Following pressure by Dunleavy administration, Walgreens won’t distribute abortion pill
When pharmacy chain Walgreens starts distributing the abortion pill Mifepristone, it won’t be doing so in Alaska despite abortion being a right protected in the Alaska Constitution.
That’s because Walgreens is bowing to pressure from a collection of Republican attorneys general—including Alaska Attorney General Treg Taylor—that threatened legal action if the company began distributing the drug in their states. In a letter reported on by Politico, the company notified the participating attorneys general that it won’t be dispensing the pills from from or shipping them into any of those states.
“Walgreens is not currently dispensing Mifepristone in any of its locations. As you know, to become certified by the FDA, participating pharmacies must satisfy a range of safety and risk mitigation requirements to dispense this drug. At this time, we are working through the certification process, which includes the evaluation of our pharmacy network to determine where we will dispense Mifepristone and training protocols and updates for our pharmacists,” explained one letter posted in the Politico article. “Walgreens does not intend to dispense Mifepristone within your state and does not intend to ship Mifepristone into your state from any of our pharmacies. If this approach changes, we will be sure to notify you.”
In his annual state of the state address, Republican Gov. Dunleavy ended his speech with a call to make Alaska “the most pro-life state in the entire country.” Outlawing abortion in Alaska would require a change to the state’s constitution that takes a super-majority of both legislative chambers as well as a public vote. That’s unlikely to happen, but the Dunleavy administration clearly has found other ways to attack abortion rights in the state.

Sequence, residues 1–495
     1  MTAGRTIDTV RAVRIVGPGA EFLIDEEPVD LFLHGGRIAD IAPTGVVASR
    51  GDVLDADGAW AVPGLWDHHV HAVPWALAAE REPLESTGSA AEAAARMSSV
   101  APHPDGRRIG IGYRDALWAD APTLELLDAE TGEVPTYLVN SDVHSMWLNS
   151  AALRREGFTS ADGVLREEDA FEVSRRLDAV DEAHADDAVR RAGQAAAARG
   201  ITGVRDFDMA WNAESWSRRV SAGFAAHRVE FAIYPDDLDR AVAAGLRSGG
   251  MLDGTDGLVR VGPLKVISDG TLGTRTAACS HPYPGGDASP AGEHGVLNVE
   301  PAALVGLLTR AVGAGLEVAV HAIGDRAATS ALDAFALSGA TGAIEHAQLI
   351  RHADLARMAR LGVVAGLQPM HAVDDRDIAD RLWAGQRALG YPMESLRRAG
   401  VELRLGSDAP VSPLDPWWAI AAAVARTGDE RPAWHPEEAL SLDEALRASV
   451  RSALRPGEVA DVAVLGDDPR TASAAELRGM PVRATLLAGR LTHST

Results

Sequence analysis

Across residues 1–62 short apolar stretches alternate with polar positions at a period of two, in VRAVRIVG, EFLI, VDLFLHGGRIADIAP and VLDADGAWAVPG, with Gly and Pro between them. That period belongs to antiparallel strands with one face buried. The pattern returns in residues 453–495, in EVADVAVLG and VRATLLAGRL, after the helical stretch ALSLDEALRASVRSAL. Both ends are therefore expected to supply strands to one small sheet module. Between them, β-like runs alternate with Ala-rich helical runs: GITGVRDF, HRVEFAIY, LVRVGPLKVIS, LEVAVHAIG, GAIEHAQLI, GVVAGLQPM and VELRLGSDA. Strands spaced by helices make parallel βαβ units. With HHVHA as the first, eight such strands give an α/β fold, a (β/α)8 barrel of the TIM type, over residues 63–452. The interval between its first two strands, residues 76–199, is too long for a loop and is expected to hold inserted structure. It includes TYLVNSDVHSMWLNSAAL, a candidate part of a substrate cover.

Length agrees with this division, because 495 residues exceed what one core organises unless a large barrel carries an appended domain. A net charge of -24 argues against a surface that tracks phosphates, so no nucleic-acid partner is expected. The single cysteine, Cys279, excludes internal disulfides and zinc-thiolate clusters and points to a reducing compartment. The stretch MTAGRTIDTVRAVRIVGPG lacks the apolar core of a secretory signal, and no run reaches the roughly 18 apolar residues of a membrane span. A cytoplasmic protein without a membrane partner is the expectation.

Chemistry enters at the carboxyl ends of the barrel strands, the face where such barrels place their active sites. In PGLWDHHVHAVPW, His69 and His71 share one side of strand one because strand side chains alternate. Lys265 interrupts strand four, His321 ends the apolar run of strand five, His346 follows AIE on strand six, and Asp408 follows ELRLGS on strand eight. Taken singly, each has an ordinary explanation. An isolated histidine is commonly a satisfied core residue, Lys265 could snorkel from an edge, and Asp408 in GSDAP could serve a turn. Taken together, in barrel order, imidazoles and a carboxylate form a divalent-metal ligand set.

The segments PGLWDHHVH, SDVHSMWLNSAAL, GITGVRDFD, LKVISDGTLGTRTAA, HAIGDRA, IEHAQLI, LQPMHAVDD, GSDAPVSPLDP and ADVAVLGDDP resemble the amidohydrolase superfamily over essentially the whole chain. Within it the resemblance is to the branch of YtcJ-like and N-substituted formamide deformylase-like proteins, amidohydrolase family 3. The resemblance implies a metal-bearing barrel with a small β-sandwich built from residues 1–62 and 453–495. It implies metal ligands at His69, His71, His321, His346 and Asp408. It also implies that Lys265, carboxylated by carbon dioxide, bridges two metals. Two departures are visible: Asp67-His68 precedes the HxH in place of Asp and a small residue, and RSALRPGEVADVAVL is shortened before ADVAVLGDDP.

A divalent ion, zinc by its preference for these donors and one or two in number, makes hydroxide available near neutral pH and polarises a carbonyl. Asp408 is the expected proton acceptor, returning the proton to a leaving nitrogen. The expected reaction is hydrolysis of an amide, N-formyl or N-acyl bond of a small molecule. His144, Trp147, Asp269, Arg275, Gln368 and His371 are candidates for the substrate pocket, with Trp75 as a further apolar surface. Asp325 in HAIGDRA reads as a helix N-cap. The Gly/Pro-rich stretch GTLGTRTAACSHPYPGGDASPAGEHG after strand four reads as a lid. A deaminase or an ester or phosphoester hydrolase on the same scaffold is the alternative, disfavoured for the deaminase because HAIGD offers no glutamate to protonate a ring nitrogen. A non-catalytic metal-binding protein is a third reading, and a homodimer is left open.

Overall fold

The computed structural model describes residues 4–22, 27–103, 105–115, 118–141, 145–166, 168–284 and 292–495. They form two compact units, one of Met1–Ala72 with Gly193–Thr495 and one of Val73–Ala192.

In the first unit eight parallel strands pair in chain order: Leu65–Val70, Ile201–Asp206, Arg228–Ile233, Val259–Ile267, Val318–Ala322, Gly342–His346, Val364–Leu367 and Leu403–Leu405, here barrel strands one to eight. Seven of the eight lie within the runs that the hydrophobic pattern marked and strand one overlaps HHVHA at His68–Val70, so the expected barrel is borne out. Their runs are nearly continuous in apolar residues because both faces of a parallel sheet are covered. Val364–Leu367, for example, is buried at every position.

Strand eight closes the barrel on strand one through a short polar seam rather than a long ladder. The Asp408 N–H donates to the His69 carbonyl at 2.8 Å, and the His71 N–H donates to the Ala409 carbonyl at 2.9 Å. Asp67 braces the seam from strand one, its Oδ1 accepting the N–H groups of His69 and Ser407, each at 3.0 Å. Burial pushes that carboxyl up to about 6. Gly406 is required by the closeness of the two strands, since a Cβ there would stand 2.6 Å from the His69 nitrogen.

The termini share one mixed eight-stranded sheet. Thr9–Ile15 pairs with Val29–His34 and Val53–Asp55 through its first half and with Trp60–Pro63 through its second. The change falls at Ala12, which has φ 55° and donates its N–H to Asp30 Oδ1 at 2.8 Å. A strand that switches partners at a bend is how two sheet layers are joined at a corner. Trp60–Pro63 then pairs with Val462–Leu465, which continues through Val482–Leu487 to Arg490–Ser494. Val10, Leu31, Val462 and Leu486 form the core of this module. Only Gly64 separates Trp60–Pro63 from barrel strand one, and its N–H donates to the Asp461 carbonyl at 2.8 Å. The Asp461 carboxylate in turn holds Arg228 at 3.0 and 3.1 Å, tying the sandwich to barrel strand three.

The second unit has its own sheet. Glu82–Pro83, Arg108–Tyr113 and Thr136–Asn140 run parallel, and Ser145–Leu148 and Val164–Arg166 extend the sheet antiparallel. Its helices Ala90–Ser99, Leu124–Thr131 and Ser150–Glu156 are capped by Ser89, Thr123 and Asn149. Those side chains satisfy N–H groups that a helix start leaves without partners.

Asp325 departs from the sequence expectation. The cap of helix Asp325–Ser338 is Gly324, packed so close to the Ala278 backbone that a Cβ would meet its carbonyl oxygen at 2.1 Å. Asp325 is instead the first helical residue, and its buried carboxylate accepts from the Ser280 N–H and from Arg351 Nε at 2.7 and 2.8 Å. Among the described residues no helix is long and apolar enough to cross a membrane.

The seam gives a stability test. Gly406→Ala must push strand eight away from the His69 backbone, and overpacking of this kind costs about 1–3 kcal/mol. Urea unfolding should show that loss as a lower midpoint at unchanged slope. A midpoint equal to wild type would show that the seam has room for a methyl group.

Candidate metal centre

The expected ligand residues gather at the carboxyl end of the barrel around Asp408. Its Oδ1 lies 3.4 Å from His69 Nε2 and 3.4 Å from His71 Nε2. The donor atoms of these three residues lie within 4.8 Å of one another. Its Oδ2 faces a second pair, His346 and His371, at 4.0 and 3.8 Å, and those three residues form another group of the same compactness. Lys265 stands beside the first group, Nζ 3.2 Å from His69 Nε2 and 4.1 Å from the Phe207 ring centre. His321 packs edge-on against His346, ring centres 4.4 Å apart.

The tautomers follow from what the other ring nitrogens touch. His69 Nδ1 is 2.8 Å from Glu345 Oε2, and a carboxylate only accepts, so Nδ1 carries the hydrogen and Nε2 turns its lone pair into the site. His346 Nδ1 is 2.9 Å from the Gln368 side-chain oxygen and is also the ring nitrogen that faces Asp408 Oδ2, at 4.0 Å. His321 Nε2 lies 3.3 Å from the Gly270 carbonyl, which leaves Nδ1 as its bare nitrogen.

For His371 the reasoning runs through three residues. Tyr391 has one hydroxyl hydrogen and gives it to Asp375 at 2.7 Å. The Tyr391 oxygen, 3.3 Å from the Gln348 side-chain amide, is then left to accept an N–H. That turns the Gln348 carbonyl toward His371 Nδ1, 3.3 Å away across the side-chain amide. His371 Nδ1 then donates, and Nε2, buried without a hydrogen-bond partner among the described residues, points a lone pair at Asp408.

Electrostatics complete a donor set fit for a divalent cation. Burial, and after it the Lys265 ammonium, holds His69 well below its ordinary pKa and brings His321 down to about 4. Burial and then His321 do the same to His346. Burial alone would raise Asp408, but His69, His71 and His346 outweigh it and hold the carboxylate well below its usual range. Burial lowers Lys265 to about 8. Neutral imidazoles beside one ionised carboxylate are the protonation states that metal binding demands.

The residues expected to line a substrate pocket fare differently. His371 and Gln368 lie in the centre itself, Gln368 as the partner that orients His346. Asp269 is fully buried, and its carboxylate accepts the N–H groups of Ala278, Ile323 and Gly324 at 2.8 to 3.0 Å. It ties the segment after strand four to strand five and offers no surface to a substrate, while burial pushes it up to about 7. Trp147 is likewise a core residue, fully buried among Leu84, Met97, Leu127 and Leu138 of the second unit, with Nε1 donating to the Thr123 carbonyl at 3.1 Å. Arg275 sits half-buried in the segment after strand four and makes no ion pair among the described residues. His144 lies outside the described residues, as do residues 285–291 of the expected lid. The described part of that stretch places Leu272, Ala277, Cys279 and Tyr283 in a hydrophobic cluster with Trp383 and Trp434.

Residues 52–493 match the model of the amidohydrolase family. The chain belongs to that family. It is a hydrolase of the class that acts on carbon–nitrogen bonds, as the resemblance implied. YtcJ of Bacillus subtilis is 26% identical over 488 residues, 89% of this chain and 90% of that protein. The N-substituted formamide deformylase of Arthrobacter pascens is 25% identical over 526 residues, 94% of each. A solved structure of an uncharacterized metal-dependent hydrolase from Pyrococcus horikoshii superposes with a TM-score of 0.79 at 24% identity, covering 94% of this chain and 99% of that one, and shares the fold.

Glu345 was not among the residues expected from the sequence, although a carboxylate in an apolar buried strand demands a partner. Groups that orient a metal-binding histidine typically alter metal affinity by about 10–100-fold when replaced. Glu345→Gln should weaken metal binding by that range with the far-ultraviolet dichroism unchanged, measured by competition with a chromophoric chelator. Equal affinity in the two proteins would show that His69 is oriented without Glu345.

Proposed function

Alaska is also party to a lawsuit before a Texas judge that seeks to overturn Food and Drug Administration approval for Mifepristone altogether, an effort of anti-abortion administrations to deny access to one of the most used forms for ending a pregnancy even in states, like Alaska, where abortion remains legal after the overturning of Roe v. Wade.
As for that Texas case, abortion providers in Alaska worry that it will have a particularly harsh impact on Alaskans living in rural and remote locations where there’s limited access to clinics that perform the procedure. About 1,200 to 1,300 people seek abortions in Alaska each year, with about half choosing the abortion pill over a clinical one.
“Mifepristone is safe. It’s effective. It has been used by more than 4 million people since the FDA approved it more than 20 years ago,” Rose O’Hara Jolley, the director of Planned Parenthood Alliance Advocates in Alaska, told KTOO/KDLG. “So this case is baseless. There is no reason from a science standpoint, from a health care standpoint. It is simply about restricting access to abortion, even in states where abortion is legal.”
Matt Buxton is a long-time political reporter who has written for the Fairbanks Daily News-Miner and The Midnight Sun political blog. He also authors the daily politics newsletter, The Alaska Memo, and can frequently be found live-tweeting public meetings on Twitter: @mattbuxton.